Headed to Kumaon? Don’t Miss India’s First Moss Garden

Headed to Kumaon? Don’t Miss India’s First Moss Garden
Moss blanketing a concrete wall in Nainital, Uttarakhand,

Exhibits include a species that was used to dress wounds in World War I, and a bird’s nest employing moss to regulate temperature and keep bacteria away

Prannay Pathak
November 27 , 2020
06 Min Read

There are many reasons you would want to visit Japan and one of those is for its charming, old-world moss lawns. The delicate, dewy felt-like organism has a godly status in the country—Kyoto’s premier attraction of Saiho-ji, or Moss Temple, needs an application to visit. And who can forget the whole moss-viewing-parties and moss-girl fad?

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The good news is that now you don’t need to wait to visit Japan to see an actual moss garden. The garden, developed by the state forest department’s Research Advisory Committe under the CAMPA scheme, was inaugurated recently in Khurpatal in Nainital district, by renowned water conservationist Rajendra Singh—also known as the Waterman of India.


Spread over 10 hectares, it has a trail that runs a little over a kilometre, exhibiting 30 species of the bryophyte, with two (Cement Moss and Brachythecium Buchanani) even featuring in International Union for Conservation of Nature’s (IUCN) red list. Earlier this year, India's first Lichen Park also came up at Munsiyari. 

Mosses, believed to be among the first plants on earth, are a non-vascular plant (simple, low-growing species that do not flower) that reproduce using spores. Mosses often grow in the damp, without much sunlight, and show extraordinary sensitivity to outside environment. Being more receptive to air and rain, they can act as excellent bioindicators of environmental degradation.

Read: The Mossy Forest in Malaysia

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The Western Himalayas have always been known for their rich moss cover, and the Kumaon region displays an especial luxuriance of the bryophyte. If you’ve ever travelled in the mountains during the monsoon, chances are that you have seen it luxuriating on rocks, concrete benches and bare hillsides—and avoiding stepping on it on hikes lest you twist your ankle.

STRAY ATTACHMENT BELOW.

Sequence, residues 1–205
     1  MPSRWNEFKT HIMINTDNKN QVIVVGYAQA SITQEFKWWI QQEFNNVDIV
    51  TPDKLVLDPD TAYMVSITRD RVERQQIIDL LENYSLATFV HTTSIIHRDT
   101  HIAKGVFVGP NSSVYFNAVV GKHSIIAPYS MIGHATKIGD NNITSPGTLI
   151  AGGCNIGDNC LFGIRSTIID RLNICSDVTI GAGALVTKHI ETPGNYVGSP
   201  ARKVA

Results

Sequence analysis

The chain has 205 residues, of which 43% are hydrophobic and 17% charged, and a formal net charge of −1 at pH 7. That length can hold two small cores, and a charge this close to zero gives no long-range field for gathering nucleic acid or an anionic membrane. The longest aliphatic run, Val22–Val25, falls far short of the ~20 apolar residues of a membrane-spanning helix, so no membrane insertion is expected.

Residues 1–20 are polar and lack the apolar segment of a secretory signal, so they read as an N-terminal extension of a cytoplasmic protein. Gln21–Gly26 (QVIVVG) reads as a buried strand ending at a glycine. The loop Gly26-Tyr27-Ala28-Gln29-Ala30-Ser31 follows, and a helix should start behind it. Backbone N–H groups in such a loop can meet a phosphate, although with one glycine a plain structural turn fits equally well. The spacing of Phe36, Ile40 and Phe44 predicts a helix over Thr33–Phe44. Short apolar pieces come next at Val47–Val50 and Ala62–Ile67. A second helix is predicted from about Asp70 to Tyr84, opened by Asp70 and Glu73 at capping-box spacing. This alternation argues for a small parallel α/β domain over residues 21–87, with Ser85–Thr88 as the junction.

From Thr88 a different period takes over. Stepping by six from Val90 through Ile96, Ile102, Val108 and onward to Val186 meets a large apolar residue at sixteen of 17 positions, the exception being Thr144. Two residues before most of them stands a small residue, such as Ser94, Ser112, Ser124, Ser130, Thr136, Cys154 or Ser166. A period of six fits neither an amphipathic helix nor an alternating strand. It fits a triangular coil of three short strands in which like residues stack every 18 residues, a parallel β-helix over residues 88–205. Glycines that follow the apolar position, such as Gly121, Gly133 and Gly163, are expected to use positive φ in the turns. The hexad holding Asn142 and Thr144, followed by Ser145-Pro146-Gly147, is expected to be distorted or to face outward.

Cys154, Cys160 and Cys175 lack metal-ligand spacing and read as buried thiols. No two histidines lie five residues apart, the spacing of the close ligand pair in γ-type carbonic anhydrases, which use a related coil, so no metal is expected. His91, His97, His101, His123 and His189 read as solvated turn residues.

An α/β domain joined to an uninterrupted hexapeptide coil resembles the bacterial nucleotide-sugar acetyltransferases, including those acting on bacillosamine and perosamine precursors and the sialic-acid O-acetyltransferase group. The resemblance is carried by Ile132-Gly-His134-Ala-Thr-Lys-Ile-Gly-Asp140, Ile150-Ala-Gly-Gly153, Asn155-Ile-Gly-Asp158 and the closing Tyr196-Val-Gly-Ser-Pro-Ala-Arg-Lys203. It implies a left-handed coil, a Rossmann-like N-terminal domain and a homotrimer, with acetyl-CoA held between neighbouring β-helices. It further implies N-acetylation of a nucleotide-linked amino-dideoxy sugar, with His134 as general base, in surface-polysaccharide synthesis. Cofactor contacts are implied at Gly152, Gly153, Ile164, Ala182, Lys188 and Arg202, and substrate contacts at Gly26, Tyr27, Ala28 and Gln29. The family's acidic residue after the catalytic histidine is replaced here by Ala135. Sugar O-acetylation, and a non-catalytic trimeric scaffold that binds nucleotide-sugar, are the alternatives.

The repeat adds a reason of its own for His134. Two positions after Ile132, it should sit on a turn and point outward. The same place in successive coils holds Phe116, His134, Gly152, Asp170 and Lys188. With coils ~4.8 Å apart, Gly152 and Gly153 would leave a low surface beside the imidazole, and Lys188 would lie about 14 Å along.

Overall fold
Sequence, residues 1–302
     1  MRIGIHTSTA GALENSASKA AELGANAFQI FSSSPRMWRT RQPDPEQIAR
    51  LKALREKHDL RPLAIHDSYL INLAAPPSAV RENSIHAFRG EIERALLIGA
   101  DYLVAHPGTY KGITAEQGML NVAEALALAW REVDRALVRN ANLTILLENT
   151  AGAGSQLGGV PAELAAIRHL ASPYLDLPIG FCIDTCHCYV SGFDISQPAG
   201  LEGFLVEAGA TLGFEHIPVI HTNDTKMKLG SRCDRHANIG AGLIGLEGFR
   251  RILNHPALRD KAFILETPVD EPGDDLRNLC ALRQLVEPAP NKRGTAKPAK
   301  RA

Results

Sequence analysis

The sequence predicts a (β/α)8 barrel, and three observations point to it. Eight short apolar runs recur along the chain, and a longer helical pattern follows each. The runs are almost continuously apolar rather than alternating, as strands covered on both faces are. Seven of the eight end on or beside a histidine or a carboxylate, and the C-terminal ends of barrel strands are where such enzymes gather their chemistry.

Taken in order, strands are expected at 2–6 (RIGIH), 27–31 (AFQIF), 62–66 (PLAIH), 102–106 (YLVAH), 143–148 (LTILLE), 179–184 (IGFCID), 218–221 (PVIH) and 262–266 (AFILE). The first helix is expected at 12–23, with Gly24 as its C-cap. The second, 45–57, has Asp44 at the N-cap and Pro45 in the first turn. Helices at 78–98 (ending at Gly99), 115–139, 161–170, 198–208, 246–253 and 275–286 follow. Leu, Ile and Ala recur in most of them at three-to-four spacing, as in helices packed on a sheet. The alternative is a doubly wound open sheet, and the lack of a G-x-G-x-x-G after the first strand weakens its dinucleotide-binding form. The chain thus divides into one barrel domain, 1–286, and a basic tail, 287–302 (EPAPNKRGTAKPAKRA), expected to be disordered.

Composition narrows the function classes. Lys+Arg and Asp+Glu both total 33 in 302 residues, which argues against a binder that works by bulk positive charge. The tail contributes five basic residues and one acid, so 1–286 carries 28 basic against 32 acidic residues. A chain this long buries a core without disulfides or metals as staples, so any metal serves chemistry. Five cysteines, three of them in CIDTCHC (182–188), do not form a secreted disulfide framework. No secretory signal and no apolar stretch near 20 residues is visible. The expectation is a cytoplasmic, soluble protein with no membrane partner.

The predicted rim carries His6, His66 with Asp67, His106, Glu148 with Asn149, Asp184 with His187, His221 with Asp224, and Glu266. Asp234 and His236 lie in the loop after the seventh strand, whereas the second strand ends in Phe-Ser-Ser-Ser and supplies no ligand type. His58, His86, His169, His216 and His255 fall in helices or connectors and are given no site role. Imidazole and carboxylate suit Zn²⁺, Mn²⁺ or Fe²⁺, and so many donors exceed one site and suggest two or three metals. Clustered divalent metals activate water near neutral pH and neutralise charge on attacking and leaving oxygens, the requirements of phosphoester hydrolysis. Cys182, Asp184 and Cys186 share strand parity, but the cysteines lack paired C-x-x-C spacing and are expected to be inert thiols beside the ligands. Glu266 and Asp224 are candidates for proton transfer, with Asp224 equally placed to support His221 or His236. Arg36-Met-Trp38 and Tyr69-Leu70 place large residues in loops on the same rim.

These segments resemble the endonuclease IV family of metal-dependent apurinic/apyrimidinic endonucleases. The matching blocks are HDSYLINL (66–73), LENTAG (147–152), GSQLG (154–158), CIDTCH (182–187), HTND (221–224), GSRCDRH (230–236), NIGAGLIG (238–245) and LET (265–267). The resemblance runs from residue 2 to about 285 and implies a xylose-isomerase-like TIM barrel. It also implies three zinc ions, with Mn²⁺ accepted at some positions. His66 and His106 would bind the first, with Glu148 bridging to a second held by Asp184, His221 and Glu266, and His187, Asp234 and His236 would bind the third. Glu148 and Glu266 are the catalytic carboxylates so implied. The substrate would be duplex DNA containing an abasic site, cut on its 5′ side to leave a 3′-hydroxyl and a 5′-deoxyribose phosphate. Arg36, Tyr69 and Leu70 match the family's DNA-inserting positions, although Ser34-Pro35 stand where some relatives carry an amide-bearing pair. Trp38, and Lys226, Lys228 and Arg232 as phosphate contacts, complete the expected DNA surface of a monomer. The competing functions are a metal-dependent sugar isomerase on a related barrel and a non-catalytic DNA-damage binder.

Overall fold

Read: You Can Plan that Trek to the Valley of Flowers

Known as just Moss Garden, it has been developed as both a centre for conservation of the mosses and other bryophytes of the region and as a recreation spot for those journeying around the hill station. In addition to the moss trail, one will also find an interpretation centre with exhibits such as the one illustrating the use of the Sphagnum variety that was used to dress wounds in the First World War. Sphagnum moss is known to absorb moisture a lot quicker than cotton, in addition to being an effective antiseptic.

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The other attractions in the garden include a dinosaur installation in a nod to the prehistoric antecedents of the bryophyte. One will also see a moss terrarium displaying an actual ecosystem, moss ornaments that are again a huge craze among the Japanese, and a bird’s nest employing moss to regulate temperature and keep bacteria away.

Headed to Kumaon? Don’t Miss India’s first moss garden

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